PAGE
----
Joe's daughter got the U.S. Air Force-themed one as a gift, but there are others featuring the U.S. Army, Navy, Marines, and even police and firefighters. They're meant for children who can't themselves read yet, but that's not to say you won't learn something yourself, like select cadets at the Air Force Academy have the honor of training falcons – the school's mascot – each year.
If you know a small child that likes “reading” or being read to, these books offer a break from yet another reading of Mother Goose or Dr. Seuss.
Get your scan on
Watching air traffic at your local airport or airbase can be made far more enjoyable and efficient with the help of a good scanner. Once programmed with the various frequencies, your situational awareness will be elevated dramatically and everything will be so much more interesting. If there are emergencies or special traffic of any kind inbound, you will know about it.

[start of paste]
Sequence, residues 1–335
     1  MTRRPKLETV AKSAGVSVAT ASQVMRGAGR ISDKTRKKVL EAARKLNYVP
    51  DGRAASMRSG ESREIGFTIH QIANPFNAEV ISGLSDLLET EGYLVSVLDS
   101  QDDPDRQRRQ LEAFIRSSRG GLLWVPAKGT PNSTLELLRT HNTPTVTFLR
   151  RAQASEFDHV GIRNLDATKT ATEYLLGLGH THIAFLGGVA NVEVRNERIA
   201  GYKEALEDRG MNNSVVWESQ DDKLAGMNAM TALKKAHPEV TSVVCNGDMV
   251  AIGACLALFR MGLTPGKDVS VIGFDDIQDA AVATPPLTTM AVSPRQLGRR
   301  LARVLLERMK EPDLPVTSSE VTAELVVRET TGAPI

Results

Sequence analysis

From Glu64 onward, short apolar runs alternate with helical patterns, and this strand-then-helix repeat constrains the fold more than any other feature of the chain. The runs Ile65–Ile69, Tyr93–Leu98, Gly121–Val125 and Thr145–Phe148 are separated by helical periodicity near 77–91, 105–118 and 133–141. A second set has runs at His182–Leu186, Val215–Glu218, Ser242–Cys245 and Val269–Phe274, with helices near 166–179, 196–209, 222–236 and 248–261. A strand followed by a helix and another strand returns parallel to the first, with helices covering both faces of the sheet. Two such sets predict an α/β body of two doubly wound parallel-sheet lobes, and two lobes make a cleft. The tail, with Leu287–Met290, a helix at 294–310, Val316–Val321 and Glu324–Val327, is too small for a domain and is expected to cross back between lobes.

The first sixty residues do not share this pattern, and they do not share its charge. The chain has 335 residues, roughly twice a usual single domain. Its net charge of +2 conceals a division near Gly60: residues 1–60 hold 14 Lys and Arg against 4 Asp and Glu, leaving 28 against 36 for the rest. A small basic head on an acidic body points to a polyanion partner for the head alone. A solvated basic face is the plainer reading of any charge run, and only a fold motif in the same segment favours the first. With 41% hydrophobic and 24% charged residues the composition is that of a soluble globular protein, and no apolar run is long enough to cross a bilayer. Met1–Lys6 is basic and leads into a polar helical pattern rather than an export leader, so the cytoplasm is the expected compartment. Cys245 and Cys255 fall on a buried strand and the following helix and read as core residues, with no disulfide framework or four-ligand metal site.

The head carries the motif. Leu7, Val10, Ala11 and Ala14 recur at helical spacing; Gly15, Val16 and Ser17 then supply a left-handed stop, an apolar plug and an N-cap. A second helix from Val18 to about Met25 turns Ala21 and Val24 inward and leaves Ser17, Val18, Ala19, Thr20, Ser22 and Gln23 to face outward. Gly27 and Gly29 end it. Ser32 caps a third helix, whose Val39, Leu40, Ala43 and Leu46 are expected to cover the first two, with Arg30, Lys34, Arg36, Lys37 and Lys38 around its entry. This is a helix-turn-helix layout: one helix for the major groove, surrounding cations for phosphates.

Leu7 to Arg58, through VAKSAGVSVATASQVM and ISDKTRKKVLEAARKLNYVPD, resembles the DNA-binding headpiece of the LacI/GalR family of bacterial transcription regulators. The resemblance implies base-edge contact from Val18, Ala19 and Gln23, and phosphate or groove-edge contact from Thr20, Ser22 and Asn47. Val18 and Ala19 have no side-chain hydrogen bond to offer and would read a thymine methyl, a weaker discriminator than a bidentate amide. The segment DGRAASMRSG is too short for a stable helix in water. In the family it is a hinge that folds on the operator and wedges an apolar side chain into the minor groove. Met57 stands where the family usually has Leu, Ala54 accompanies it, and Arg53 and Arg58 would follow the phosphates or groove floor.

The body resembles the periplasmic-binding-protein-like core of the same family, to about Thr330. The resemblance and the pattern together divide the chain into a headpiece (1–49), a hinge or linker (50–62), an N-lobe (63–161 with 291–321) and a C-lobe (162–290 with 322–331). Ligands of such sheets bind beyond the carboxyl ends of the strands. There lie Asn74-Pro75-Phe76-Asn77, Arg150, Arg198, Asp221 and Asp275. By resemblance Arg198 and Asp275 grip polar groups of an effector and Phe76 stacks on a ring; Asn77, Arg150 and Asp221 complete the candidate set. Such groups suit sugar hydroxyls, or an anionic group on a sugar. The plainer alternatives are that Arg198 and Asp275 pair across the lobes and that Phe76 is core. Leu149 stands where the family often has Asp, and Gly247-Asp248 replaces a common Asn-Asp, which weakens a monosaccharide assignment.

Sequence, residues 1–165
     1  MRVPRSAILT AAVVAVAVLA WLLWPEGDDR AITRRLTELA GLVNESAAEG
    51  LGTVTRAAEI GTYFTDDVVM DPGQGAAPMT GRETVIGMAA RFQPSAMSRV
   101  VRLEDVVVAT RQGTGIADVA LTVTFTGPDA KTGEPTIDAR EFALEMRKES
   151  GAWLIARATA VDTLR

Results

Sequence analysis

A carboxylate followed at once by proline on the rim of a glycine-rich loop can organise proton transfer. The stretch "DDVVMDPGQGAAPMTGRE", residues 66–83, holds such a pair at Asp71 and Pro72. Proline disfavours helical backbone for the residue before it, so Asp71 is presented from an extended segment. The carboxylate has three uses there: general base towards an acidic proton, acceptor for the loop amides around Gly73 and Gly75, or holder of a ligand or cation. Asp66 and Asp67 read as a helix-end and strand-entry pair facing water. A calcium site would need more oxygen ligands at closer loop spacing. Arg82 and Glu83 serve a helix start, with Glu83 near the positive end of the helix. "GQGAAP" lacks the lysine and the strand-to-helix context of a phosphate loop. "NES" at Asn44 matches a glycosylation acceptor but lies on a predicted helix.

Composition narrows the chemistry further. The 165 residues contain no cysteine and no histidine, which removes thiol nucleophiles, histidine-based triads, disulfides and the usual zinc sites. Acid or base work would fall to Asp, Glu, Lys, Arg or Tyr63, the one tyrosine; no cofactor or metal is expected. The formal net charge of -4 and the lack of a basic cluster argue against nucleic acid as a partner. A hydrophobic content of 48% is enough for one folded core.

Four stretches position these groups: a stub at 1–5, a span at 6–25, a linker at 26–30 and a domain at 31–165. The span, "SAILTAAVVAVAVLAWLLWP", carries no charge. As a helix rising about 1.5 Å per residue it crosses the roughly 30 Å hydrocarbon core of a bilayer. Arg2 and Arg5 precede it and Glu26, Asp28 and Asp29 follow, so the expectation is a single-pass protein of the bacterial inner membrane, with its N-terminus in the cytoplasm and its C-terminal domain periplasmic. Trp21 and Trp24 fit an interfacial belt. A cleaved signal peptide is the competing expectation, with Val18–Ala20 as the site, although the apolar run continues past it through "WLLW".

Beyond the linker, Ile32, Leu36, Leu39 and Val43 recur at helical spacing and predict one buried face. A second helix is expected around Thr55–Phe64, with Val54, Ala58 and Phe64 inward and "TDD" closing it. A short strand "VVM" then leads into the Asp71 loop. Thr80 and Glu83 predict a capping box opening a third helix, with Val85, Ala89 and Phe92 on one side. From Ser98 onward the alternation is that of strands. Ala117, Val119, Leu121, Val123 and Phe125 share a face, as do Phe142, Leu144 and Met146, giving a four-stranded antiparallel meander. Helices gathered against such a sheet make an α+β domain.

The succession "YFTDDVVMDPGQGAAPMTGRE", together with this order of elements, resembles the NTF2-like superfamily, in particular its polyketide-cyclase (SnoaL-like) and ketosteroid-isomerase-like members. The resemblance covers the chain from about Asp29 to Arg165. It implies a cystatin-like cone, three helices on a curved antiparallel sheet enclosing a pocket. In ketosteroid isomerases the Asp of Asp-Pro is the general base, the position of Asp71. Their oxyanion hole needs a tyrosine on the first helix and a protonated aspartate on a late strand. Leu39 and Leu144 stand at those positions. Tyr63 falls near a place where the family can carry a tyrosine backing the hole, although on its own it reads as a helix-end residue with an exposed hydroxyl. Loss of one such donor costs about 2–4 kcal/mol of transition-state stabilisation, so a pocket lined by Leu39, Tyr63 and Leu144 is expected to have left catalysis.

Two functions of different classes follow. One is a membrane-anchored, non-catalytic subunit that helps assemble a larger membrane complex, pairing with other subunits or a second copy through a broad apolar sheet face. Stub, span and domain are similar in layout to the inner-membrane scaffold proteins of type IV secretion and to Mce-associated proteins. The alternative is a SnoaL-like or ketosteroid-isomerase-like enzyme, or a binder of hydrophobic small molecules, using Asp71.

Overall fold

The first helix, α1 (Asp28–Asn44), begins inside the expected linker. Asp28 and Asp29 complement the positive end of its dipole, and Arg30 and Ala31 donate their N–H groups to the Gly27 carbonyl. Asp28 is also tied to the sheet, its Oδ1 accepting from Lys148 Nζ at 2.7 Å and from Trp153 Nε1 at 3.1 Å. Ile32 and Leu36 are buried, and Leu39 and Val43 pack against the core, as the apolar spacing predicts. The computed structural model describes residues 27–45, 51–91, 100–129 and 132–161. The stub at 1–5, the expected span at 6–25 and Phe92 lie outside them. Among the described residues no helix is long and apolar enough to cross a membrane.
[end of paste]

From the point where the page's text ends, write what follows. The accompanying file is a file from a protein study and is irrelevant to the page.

My friend and commercial pilot extraordinaire, @thenewarea51, a man who knows radios better than anyone I know, was the first guy I thought of when I needed the bottom line on the best handheld and affordable scanner for your buck. His response was quick and certain, the Uniden Bearcat BC125AT.
It's small, it can be programmed by your computer, and most importantly, it can receive VHF civilian aircraft communications and UHF military aircraft communications. Many lower-priced handheld scanners just have VHF, which means you can hear what the tower is saying to military aircraft operating in the area, but not what the crews are saying. You wouldn't be able to hear military aircraft to military aircraft communications and those between command posts and aircraft without this capability.
So boost your plane spotting prowess and enjoyment by picking up this little bundle of communications joy today.
Get eyes on!
If you have an interest in what is flying above, or just what's going on in the environment around you on a daily basis, I highly recommend snapping up a Vortex Solo monocular. What you get in terms of image and build quality for around $50 is absolutely outstanding. The view is bright and crisp and compared to a bulky set of binoculars, you can slip this monocular into the center console in your car without taking up much room. It's also far more discreet when in use.